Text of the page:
Ending Online Defragmentation

Over the past year, I have:

deactivated 4 twitter accounts,

deleted 2 Facebook pages,

canceled 1 LinkedIn account,

deleted 1 Pinterest account,

let Google Plus die,

canceled 3 photography site memberships,

canceled my Amazon Prime membership and am no longer shopping on Amazon,

am no longer posting on or checking my Facebook account,

deleted both Etsy and Square Online stores for my inlay business,

deleted multiple apps from my phone,

unsubscribed from multiple email lists (ongoing),

unsubscribed from multiple Yahoo groups as Yahoo Groups has gone away,


removed many notification permissions from multiple apps on my phone (ongoing).

As a result, I am:


feeling less all over the place,

writing more,

feeling more centered,

having fewer interruptions,

praying more,

updating my resume,

dreaming again,

finishing art projects

and …

anticipating some thing(s) amazing just around the bend.

Posted in Musings and Reflections

This Painful Extraction from Amazon

Recently, I shared a post about my intention to end my relationship, Prime and otherwise, with Amazon, due to a variety of reasons so stated.

As with most relationships, especially those of the online capitalistic ilk, such a severing of ties is time consuming and excruciatingly painful.

I offer the following as a cautionary tale:

1) Amazon Prime Photos – I recently took advantage of the Prime benefit and uploaded/transferred all of my photos to Amazon Prime photos in the cloud. Over the past month, I have been attempting to transfer my photos over to my Flickr account. This involves using MultCloud which is buggy and limits the amount I can transfer or downloading from Amazon (which again limits the amount I can download), then uploading back to Flickr. Talk about time consuming! Just beware: Amazon makes it extremely difficult to remove/reclaim your photos.

2) Replacement parts for products purchased on Amazon – Last week the lamps in my bug zapper died and I had to grit my teeth and order replacement bulbs on Amazon. Hopefully, that is the only item purchased on Amazon that will keep me tied to the company, but it looks less likely as I think of all of the stuff I have purchased over the years. So take note: cut the tie sooner rather than later and begin researching other options.

3) Blink and the like – Fortunately, I never got into the Alexa, Echo, Key stuff. They feel more like fluff/toys and not overly necessary or useful. However, I do have 3 Blink cameras. I love the security they provide for our home as well as simply knowing what visitors we have at the house (including the occasional bird). Well, Amazon bought the company. As of now, it looks like the app is still independent. Hopefully, that will remain the status quo for the foreseeable future. Though of course in this day and age one can never know. So buyer beware: if you are thinking of leaving Amazon, what will you do with your internet of things?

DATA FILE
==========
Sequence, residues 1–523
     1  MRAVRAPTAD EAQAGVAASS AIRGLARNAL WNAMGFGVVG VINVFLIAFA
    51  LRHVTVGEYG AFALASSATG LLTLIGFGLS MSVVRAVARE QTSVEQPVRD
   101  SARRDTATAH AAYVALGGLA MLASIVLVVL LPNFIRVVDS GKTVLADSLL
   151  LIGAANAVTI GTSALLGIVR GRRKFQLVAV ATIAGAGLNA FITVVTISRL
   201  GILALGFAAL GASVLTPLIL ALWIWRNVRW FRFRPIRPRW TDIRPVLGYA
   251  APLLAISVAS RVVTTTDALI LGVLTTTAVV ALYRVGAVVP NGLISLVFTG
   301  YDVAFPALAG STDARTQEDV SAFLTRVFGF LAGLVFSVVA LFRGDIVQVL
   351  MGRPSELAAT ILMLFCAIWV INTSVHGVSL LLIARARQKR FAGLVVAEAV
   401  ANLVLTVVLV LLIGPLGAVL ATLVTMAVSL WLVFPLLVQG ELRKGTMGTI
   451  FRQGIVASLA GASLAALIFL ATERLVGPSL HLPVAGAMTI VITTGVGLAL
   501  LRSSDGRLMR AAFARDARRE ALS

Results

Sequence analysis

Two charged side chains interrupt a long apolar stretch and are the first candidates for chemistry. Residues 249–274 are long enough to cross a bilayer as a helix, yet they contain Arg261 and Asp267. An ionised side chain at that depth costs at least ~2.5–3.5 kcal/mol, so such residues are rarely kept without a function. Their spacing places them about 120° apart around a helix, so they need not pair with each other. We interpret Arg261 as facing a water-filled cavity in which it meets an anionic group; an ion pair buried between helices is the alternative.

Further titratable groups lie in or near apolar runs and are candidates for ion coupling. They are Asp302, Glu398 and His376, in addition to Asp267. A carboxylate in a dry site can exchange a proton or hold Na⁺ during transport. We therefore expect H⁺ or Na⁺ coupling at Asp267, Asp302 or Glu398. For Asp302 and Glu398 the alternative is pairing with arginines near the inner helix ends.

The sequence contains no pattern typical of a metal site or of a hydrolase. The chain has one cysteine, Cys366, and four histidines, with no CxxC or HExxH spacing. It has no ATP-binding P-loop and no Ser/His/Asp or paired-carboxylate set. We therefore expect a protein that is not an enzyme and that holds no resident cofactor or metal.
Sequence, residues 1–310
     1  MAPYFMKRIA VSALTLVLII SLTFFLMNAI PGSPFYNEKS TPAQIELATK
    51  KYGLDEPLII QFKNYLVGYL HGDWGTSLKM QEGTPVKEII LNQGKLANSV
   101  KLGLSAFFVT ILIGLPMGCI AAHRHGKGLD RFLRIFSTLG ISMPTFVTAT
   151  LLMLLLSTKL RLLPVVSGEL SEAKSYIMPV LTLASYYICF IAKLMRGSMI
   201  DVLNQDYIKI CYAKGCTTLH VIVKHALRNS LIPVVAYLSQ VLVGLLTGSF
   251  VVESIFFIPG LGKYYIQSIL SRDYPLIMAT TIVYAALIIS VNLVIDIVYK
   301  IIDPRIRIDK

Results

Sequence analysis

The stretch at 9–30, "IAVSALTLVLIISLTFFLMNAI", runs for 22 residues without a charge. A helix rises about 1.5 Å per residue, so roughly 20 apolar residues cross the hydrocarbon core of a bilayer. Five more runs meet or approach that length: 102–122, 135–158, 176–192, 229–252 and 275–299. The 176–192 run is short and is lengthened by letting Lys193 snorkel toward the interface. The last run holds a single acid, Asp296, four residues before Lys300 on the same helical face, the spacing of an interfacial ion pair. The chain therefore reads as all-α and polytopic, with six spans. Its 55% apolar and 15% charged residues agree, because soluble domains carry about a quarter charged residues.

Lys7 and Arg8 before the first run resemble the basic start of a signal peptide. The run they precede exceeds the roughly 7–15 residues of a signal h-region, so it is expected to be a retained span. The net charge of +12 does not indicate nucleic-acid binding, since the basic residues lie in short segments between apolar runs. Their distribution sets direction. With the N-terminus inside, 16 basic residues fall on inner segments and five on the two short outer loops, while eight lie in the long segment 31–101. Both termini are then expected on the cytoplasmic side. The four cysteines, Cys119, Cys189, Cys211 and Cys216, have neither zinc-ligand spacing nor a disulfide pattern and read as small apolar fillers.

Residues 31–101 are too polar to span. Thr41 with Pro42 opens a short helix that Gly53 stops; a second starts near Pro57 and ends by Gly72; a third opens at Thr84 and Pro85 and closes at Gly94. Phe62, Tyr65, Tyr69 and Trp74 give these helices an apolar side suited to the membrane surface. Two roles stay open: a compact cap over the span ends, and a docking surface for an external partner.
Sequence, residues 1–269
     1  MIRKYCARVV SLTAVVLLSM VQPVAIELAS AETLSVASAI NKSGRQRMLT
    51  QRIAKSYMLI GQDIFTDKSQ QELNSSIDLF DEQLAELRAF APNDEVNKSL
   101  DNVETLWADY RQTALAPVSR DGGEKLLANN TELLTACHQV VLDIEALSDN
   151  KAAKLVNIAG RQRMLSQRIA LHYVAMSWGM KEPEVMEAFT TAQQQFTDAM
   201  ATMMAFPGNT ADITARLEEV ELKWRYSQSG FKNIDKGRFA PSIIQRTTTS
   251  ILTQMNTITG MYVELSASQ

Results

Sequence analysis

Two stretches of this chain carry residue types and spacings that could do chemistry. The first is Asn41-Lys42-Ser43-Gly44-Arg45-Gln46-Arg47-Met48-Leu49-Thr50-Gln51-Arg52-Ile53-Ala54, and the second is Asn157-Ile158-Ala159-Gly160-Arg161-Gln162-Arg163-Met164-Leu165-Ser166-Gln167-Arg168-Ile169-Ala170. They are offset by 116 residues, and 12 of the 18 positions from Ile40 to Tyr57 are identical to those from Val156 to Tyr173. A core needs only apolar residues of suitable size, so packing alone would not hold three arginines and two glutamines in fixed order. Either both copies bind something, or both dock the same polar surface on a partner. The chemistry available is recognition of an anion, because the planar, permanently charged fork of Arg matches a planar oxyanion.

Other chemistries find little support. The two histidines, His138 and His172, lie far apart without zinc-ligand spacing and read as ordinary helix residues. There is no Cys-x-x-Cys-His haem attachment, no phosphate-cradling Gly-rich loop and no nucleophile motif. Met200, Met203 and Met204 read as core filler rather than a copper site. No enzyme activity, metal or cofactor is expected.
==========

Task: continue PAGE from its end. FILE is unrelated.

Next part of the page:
I was hoping to have cancelled my account by now, but I am still transferring photos. 12,000 plus and still counting. Sigh.

Posted in Musings and Reflections

Amazon or Anabaptist? – An Open Letter to Jeff Bezos

Dear Mr. Bezos,

The opposition of Amazon (hereafter referred to as “your company”) to a tax law to help the homeless in Seattle was the last straw. Let me explain.

After your company stopped construction on a new office building in protest over a previous law, you felt the watered down version of the tax bill the city council passed in May was still too much. So you continued to pressure the council until it buried compassion at the feet of the god of capitalism to rescind even this edict in June.

Therefore, I have decided that I can no longer in good conscience remain a Prime member and customer of Amazon.

Here are some comparative figures:

As of June 2018, there are over 12,000 homeless in and around Seattle. This does not include the 33,000 people who live and work in unsafe buildings, according to the Seattle Times.

Currently, your company has approximately 40,000 employees in Seattle, who work in the 8.1 million square feet of office space you control which is almost 20% of all of the prime office space in the city. I suspect the majority of your employees do not live in unsafe housing and their ability to pay high rents is one of the main reasons there is a housing crisis in Seattle.

Over the past year, homelessness in the Seattle area has increased by 4%, while your company’s North American revenue alone for 4Q 2017 rose 42%.

The May 2018 version of the city council tax bill would have raised $47 million dollars per year. Your company’s net income for just the 4Q of 2017 was $1.9 billion, which included a tax benefit of $789 million due to the change in U.S. tax code.

This is particularly troubling. Your company received $789 million in tax benefits and you couldn’t even support a paltry $47 million tax to help the homeless in your home town?

Furthermore, as I learned while researching this article, this is only one of the most recent in a long line of troubling business practices and decisions made by your company.

There have been several media reports detailing the poor working conditions for warehouse employees in your company, namely that they barely have time to go to the bathroom and can be fired for being sick. And the contractors your company hires to deliver packages as part of Amazon Flex fare even worse.